I've seen games literally littered with yield()s, and no good ever comes of it. The difference between a sleep() and a yield(), is that a sleep() will always cause another thread to run. Thread.yield() has a nasty habit of taking thread priority into account. There is no requirement for a JVM to implement a priority model, and if it does, no requirement that specifies whether the event thread(s) should run at a higher or lower priority than normal. So, yield() might do what you want, but that depends very much on the implementation. Code that runs nicely on Nokias can suddenly become rubbish on less well implemented VMs.

    Porting MIDP games is my specialist area, and I'm happy to share my experience. Glad if I have been of help.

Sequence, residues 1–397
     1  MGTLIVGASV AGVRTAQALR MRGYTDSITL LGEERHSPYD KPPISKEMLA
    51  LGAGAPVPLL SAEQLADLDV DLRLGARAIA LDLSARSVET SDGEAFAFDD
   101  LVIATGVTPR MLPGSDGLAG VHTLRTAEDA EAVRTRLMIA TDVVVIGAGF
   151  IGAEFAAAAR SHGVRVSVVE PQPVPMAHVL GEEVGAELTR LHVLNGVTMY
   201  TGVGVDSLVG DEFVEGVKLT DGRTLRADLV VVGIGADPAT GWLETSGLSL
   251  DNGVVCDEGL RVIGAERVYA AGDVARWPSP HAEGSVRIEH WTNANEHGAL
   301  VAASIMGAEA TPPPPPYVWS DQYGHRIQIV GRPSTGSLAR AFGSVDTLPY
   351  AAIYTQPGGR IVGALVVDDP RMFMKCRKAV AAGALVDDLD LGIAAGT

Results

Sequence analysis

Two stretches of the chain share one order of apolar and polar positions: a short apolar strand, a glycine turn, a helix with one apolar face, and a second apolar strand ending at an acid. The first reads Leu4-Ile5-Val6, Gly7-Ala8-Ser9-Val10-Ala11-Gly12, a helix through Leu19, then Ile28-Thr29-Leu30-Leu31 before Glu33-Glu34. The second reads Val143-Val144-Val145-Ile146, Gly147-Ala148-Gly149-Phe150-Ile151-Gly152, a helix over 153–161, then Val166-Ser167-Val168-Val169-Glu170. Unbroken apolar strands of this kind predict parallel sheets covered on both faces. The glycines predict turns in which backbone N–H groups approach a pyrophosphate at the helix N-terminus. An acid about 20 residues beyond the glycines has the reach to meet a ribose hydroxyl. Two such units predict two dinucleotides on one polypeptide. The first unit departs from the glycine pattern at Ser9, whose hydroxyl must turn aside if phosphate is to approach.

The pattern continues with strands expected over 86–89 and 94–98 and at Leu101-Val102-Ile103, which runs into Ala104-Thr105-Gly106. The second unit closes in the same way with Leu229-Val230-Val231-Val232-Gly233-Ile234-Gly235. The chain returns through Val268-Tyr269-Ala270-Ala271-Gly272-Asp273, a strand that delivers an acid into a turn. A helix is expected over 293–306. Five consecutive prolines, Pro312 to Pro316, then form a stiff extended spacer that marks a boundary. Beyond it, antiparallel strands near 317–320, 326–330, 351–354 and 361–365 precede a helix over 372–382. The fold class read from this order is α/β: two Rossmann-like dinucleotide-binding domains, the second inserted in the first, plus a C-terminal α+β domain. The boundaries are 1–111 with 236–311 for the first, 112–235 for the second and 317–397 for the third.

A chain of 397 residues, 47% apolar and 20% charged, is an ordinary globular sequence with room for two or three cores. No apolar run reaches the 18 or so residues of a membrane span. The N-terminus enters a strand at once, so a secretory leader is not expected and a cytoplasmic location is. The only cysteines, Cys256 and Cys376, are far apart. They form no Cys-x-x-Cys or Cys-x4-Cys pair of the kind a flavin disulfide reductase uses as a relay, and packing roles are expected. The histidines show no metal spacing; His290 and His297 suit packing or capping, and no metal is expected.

Cheers,
    Graham.

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    Re: 30 FPS on S40 DP 1.0 device?

    Maybe you can manage to make the animation time based rather than frame based.

    Example:
    You want the item to move from x1=0 to x2=50 in duration=4000 milliseconds. When the animation starts, you store the start time (currentTimeMillis). Calculate the progress every frame with (currentTime - startTime) / duration. The position is x1 + (x2-x1) * progress.

    This way the framerate doesn't matter.

    I can give you some classes which automate this process, if you send me your eMail.

  11. #11
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    Re: 30 FPS on S40 DP 1.0 device?

    @graham:

    Thx for the hint with the event methods, I did that already. Due to your explanation about yield, I will replace it by sleep.